Willy Russell's Educating Rita is a comedy about a clash of cultures. On one hand, there is Frank, the worldly professor, bookish and secure. On the other, there is Rita, street-smart but uneducated, knowing more about hairdressing than the classics.
It is easy to imagine a parallel with the actors. In the forthcoming revival for Perth Theatre, Frank is played by Gray O'Brien, whose 30-odd years in the profession include long-running stints in Coronation Street (as bad-guy Tony Gordon), Peak Practice, Casualty and River City. He emerged from drama school in Glasgow at around the same time as such talents as actor David Tennent and director David McVicar.
By contrast, Rita is played by Rachael-Rose McLaren, who is at the start of her career, notwithstanding the powerful impression she made in last year's National Theatre of Scotland production of Enough Of Him by May Sumbwanyambe. But according to O'Brien, theirs is no teacher-pupil relationship. "Certainly not," he says. "She's teaching me everything."
If anything, McLaren is rather more used to the studious approach being taken by director Martin McCormick. With her memory of drama school still fresh, she was unfazed by spending the first three days of rehearsal scrutinising the script in detail. For O'Brien, it was a novelty not to be on his feet from day one.
"We've spent a lot of time in exploration," he says. "It's very unusual to go through the text line by line. It's been a really deep process."
Yet even for McLaren, it took some getting used to. After three days of analysis, she was momentarily set off balance. "It felt like the stabilisers came off too soon," she laughs. "We understood how deep it was, but it takes you aback. When we stood up, I felt quite wobbly."
"We both had trouble walking," joins in O'Brien. "We knew all the mental stuff, but how do you put that into who he is, how he moves and how she moves? I told Rachael to savour this time because you don’t often get the opportunity to explore characters like this."
All of this is at odds with the mental impression we have of Educating Rita. We tend to think of it as a jolly comedy, our memories of a thirtysomething Julie Walters in the 1983 movie suggesting throw-away entertainment. But while it is certainly funny, Russell's play repeatedly upends expectations.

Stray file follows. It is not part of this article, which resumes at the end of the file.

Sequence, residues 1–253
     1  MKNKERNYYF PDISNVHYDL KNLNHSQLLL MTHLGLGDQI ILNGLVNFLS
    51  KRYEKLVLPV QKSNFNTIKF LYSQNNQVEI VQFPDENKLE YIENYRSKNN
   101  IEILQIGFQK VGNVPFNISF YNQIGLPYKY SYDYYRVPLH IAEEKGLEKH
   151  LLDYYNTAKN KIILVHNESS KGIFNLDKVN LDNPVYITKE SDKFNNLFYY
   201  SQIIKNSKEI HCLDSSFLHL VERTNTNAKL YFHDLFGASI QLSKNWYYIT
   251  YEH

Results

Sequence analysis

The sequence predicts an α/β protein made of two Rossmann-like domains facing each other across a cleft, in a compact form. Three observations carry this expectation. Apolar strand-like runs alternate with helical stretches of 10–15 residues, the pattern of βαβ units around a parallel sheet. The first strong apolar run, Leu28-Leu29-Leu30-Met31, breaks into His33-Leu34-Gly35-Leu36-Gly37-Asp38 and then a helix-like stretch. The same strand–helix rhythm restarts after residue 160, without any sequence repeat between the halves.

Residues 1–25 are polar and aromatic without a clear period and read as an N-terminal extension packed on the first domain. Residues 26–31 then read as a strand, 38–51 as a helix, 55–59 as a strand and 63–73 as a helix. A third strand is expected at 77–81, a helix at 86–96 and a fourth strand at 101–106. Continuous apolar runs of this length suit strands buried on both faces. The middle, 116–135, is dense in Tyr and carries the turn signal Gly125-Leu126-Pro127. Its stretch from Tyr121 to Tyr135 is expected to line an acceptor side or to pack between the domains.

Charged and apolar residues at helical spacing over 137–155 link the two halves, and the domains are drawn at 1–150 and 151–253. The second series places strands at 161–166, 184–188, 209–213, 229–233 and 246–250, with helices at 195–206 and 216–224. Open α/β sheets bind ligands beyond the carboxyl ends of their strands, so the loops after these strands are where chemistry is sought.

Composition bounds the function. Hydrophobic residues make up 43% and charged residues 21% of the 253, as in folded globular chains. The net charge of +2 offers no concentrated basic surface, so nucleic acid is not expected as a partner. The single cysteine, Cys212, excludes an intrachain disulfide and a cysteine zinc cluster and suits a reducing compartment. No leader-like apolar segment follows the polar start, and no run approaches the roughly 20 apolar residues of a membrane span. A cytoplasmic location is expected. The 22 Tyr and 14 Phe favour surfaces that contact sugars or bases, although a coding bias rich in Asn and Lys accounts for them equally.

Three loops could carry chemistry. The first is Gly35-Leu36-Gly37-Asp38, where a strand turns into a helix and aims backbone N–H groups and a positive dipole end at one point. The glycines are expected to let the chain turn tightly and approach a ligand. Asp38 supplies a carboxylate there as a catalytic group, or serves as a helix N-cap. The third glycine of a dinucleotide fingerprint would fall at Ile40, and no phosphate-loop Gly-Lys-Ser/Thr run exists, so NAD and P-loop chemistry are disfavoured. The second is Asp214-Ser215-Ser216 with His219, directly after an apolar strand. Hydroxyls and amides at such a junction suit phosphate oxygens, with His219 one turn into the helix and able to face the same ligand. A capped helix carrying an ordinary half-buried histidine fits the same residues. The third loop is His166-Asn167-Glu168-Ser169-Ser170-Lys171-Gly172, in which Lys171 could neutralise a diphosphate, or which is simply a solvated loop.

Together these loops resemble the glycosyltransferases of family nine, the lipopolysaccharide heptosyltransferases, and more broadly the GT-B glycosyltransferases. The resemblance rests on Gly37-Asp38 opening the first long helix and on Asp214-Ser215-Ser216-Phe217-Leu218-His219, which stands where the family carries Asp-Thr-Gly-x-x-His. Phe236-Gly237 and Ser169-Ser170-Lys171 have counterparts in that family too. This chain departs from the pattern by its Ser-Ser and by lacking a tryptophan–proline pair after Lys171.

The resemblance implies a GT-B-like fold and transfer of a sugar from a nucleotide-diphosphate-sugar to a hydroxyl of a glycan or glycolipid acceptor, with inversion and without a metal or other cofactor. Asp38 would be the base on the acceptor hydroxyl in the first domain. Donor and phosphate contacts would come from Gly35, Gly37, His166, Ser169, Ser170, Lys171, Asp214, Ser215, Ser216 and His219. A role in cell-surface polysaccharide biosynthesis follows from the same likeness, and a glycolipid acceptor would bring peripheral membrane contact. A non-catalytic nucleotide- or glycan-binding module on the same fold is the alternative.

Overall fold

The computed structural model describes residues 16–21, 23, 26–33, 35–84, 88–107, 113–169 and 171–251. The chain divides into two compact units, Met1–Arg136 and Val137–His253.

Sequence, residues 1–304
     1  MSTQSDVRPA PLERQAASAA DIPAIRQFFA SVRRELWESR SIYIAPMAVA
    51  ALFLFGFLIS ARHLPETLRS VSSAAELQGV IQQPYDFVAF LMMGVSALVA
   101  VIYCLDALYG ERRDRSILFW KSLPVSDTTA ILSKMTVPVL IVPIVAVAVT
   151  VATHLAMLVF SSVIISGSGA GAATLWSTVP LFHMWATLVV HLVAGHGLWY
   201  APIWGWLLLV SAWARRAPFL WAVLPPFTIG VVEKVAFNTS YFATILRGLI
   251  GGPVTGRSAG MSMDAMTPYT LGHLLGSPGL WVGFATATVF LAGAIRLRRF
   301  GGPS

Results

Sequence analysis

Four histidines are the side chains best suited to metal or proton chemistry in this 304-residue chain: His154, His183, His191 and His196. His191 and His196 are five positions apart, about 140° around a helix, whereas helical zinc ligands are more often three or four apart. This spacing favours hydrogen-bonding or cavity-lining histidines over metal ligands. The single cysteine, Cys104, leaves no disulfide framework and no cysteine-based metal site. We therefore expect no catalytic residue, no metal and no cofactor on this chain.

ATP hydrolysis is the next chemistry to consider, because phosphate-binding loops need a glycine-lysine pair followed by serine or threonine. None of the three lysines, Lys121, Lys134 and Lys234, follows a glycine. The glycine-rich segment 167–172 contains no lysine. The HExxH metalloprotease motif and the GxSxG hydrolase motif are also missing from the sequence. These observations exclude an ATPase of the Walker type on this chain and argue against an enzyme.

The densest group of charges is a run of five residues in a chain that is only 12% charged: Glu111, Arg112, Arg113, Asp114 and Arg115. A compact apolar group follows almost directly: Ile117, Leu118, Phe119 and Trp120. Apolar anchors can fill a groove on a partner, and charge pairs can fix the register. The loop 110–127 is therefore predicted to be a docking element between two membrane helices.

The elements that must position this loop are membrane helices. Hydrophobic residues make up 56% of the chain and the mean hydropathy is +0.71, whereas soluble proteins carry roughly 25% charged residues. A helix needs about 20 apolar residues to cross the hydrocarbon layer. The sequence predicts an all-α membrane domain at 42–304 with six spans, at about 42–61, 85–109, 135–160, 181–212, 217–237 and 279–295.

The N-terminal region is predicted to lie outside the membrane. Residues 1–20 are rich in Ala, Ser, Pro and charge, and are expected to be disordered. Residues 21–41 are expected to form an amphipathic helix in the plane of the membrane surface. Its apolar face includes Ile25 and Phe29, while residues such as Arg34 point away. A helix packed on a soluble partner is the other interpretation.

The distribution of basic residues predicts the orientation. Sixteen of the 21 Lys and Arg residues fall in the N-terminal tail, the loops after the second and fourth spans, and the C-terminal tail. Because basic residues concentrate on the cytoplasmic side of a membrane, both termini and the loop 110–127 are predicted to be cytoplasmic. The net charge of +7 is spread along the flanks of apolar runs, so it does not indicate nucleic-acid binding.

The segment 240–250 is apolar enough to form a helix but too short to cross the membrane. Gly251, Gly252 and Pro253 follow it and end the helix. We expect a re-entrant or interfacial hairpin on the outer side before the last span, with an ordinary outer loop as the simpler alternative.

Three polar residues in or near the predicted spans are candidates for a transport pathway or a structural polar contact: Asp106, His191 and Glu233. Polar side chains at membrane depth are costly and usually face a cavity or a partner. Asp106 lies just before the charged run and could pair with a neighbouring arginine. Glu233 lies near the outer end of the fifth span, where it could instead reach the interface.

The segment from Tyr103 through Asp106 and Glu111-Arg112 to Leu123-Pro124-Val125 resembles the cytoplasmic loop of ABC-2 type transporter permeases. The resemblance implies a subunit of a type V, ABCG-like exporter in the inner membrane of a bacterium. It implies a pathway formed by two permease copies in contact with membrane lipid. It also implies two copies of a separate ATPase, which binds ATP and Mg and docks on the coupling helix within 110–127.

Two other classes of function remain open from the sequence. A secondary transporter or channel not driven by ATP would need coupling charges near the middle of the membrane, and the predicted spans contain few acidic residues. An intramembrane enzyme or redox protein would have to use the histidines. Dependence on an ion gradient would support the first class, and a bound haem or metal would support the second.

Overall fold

"On the surface, Frank and Rita are archetypal," says McLaren. "But there is so much more to them than that. They are not what we judge them to be."
O'Brien agrees: "The perception is of a light comedy about somebody wanting to better themselves, but the bigger education is for Frank. This young woman makes him look at his life and reassess his hopelessness."
They are keeping the play's Liverpool setting, conscious of how much meaning can lie in a single word. If you pronounce "grass", with a flat "a" like Rita, it is very different from Frank's rounded "ah". "It's that class thing," says O'Brien. "It's one word, but it just sets it."
There is humour in Russell's rhythms too and you play with them at your peril. "There's so much attack," says McLaren. "A lot of it is similar to Glasgow in the front-footedness, but with a different edge. The sound helps me find Rita's brashness and boldness and unlocks something of that Liverpudlian hairdresser talking in the salon."
Likewise, the production is keeping the setting in 1980, the year the play opened, because so many details lock it into its time. This is a pre-email era long before mobile phones. The culture has also moved on. "We were educated in a different way," says O'Brien, who graduated from what is now the Royal Conservatoire of Scotland in 1990. "I'm a father and the way we've educated our children, not just through schooling, is to try to offer them other parts of life – quality and equality. When I grew up in Ayrshire and suggested I wanted to go to drama school, I was laughed at. 'That's for them! That's for the upper classes!' That's changed very much."
Not that the play's themes have gone out of date. Russell himself left school at 15 and trained as a hairdresser, just like Rita. Only at 20 did he sit his exams and train as a teacher, secretly dreaming of becoming a writer. Rita is unschooled but willing to learn; willing, in other words, to grasp at distant opportunities Frank takes for granted. Four decades after the play's premiere, we are still constrained by social expectations.
"Class is huge and very relevant now," says McLaren. "But there are also themes – alcoholism, abusive relationships, loneliness, love, friendship – that make it impossible not to be felt now."
She continues: "I grew up middle-class, but from a working-class family. The roots of my mum's family in Clydebank are very much working-class. In terms of opportunity, I haven't faced the hardships in that way, but I know of them and my mum lived through them. Rita reminds me of my gran. It's in her determination: nothing's going to stop me, I can do anything. And there is that edge that is very similar to Glasgow, that pride in where you come from. The boldness reminds me of Glasgow culture."
Educating Rita is at Perth Theatre from 16 March until 1 April, https://www.perththeatreandconcerthall.com/